Were there any surprises or learning moments in the publishing process for this title?
There were several learning moments in the publishing process. The most significant was the moment I understood that publishing a novel about a woman who falls in love with another woman would require me to declare my own sexual orientation and acknowledge the deeply personal nature of this narrative. It sounds naïve as I say it now, but it didn’t cross my mind as I was writing this book that someone would ask me if I identified as gay.
If I’d stopped to imagine how writing a book like this—much less publishing it!—would light my life on fire, I might never have completed it. But, gratefully, by the time we took my manuscript out to publishers, I’d come to terms with the end of my marriage and my newfound sexuality and was ready to acknowledge how much of my own journey is on the page.
Were there any surprises in the writing process for this book?
Pretty much everything was a surprise with this book. The biggest revelation for me was who Merit turned out to be. I didn’t expect her to be the one to initiate the romantic aspect of her relationship with Jane, or to pursue it with such intensity and desire.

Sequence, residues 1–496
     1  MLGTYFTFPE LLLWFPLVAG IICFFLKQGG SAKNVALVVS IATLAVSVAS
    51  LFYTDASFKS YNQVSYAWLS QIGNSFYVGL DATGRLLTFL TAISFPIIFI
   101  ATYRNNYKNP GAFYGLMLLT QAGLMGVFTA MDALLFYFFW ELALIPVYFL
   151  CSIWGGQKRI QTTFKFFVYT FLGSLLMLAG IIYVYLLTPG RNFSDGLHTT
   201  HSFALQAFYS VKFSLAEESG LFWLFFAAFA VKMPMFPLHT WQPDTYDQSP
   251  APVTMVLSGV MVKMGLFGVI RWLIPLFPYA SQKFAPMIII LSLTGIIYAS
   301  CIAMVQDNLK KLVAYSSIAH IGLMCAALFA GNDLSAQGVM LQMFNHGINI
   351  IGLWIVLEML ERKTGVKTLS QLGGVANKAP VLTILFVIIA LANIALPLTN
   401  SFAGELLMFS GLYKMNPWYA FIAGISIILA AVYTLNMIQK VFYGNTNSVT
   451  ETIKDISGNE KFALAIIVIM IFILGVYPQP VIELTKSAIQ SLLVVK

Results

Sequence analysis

The specific trajectory of their relationship was also a surprise to me—both where it started and how it ended. I knew that the tale I was weaving was one about intimacy, and what happens when intimacy develops organically over time between two people who haven’t placed any expectations on their relationship, which required a very particular set-up.
When we meet Merit and Jane, they are co-workers with a power differential, and I know for some readers, the workplace dynamic is uncomfortable. But this was an important initial setting to me, because I wanted these women to have zero expectation of true friendship with one another. The surprise and delight of unexpected connection was the narrative driver for me. Merit and Jane each feel seen and understood and fully accepted by the other, and there is magic in this. That magic propels them forward, toward each other, with growing intensity and emotion.
My job as a writer was just to pace myself and to enjoy all the discoveries along the way. I never imagined they would end up where they ultimately do, but I am so glad I was able to give them the ending they deserve.
What do you hope readers will get out of your book?
More than anything, I hope readers will embrace the complexity of Merit and Jane’s story. Nothing about their relationship or its arc is meant to be black and white. It’s supposed to be gray, because life is gloriously gray.
If you could share one piece of advice with other writers, what would it be?
Whatever story you’re writing, give it room to breathe. Often where we start with an idea is miles away from where we end up, and if we hold too tightly to the original idea, we miss the alchemic magic that happens when a story transforms from the thing we think it is to the thing it actually wants to be.